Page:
Iraqi and Kurdish forces have launched a new offensive on a town near Mosul as part of a massive operation aimed at retaking the country’s second largest city from the Islamic State of Iraq and Syria (IS).
As the noose gets tightened around the terrorists’ largest occupied Iraqi city, the presence of Turkish troops assisting in the battle has angered many in Iraq.
The Iraqis say they never gave Turkish troops permission to enter the country and has called on them to withdraw. Turkey has refused the demand, insisting that it play a role in retaking Mosul from IS.
US Defence Secretary Ash Carter has visited both countries in recent days, and arrived in the Kurdish regional capital Irbil on Sunday, where he was expected to discuss the issue with Kurdish leader Masoud Barzani.
After meeting with Turkey’s leaders, Carter had announced an “agreement in principle” for Turkey to have a role in the operation.[caption id="attachment_24127" align="aligncenter" width="800"] A displaced young Iraqi boy holds a pigeon at refugee camp on October 22, 2016 in the town of Qayyarah, south of Mosul, as an operation to recapture the city of Mosul from the Islamic State group takes place. AFP[/caption]
But Iraqi Prime Minister Haider al-Abadi appeared to bat that idea down when he met with Carter on Saturday, insisting that Mosul was an “Iraqi battle.”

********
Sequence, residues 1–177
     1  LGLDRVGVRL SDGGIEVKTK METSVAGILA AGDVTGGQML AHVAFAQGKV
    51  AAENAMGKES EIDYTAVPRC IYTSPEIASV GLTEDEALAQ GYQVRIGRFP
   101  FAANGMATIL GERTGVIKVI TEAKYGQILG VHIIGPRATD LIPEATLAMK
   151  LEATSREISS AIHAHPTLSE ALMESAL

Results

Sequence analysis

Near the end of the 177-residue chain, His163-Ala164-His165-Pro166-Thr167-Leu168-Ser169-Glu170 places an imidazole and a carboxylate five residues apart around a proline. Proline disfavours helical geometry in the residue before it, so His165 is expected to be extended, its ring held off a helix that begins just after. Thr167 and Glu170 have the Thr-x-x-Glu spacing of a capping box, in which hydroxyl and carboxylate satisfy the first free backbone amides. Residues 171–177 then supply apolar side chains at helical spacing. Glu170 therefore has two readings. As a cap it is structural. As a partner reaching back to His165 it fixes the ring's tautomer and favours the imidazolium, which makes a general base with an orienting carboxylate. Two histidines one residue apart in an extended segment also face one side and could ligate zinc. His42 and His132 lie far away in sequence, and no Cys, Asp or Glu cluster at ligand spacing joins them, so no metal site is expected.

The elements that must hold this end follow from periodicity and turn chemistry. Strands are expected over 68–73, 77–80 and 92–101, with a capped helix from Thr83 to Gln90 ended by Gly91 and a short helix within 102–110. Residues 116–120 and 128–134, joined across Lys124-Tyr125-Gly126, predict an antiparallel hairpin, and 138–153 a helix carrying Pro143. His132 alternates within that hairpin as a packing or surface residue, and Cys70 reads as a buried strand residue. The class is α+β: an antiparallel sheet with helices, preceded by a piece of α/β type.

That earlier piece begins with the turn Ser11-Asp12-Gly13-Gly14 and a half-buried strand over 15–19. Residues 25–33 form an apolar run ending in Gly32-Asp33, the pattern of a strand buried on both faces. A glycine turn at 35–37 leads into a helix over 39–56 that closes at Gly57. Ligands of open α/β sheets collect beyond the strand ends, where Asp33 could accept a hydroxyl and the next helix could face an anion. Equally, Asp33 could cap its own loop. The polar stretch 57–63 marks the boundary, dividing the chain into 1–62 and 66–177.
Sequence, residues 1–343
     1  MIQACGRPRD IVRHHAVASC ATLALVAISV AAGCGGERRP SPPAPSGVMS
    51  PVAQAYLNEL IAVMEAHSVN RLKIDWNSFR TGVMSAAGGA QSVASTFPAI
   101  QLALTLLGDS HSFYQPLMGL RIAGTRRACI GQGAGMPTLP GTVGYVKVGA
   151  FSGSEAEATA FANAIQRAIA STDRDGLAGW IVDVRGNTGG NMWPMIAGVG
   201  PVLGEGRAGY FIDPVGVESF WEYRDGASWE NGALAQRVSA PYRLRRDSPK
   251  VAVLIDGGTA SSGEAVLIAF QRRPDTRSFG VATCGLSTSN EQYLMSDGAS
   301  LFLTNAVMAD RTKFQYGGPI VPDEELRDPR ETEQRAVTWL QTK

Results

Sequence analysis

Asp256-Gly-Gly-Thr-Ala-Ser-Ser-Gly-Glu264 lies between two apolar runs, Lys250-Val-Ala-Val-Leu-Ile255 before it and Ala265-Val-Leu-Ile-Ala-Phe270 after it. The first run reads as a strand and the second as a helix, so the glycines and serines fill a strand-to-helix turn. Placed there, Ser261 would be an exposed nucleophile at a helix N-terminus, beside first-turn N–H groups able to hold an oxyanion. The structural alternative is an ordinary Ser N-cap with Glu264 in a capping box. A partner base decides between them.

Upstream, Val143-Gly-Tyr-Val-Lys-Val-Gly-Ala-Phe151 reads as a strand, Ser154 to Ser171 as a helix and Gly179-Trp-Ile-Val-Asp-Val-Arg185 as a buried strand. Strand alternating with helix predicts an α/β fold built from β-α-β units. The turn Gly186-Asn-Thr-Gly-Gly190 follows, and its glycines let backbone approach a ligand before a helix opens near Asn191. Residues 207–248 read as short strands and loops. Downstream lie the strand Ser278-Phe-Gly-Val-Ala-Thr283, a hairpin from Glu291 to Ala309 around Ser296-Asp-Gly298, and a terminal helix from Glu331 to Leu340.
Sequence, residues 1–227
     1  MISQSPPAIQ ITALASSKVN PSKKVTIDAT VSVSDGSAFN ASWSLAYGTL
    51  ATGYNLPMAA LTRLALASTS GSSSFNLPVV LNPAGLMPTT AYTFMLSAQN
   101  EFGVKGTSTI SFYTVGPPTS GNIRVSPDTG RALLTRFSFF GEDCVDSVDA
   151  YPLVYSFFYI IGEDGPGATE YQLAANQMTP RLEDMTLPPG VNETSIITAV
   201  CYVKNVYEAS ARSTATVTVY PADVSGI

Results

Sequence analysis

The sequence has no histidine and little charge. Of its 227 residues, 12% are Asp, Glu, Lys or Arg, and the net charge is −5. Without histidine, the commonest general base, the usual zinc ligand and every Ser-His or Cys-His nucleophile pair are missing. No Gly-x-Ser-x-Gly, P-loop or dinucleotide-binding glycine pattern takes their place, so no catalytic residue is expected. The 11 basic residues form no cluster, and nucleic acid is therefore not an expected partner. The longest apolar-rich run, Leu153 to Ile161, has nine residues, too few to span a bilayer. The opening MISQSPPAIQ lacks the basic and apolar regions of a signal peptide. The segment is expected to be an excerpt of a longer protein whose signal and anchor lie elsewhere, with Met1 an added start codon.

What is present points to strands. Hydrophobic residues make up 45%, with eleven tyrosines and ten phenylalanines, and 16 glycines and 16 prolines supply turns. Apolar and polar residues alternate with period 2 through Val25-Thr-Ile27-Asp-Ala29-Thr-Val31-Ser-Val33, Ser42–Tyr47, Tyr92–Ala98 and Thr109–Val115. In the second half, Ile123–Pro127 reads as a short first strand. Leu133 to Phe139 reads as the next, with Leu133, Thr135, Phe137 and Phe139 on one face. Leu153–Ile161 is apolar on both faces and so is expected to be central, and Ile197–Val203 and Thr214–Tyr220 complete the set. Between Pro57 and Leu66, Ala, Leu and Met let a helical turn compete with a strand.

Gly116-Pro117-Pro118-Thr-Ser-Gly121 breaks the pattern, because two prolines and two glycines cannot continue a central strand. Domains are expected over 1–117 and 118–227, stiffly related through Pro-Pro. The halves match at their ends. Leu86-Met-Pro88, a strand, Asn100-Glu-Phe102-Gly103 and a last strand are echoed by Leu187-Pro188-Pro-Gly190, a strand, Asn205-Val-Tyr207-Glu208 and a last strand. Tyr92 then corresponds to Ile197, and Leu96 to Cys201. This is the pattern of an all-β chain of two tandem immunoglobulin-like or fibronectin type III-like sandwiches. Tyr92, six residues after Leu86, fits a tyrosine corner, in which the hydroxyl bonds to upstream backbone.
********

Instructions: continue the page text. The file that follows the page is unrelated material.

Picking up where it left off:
“I know that the Turks want to participate, we tell them thank you, this is something the Iraqis will handle and the Iraqis will liberate Mosul and the rest of the territories,” he said.
Turkish forces have made several previous ground forays into Iraq in recent years, raising tensions between the neighbours. Until the Mosul operation, Turkey primarily had been sending ground troops into the country to go after Kurdish rebels Ankara calls terrorists.
The forces taking part in the Mosul offensive include Iraqi troops, the peshmerga, Sunni tribal fighters and state-sanctioned Shiite militias. Many fear the operation could heighten tensions between Iraq’s different communities, which are allied against ISIS but divided over a host of other issues, including the fate of territories near mostly Sunni Mosul that are claimed by the largely autonomous Kurdish region and the central government.
The Kurdish forces, known as peshmerga, said they launched a dawn offensive Sunday on two fronts to the northeast of Mosul, near the town of Bashiqa.
"Get out Erdogan! Get out occupier!" Thousands of Iraqis slam Turkey's occupation of #Mosul right in front of the Turkish embassy in Baghdad pic.twitter.com/9eSgMdbGUB — Sahar Abdallah (@sahouraxo) October 18, 2016
Source: Reuters, CBC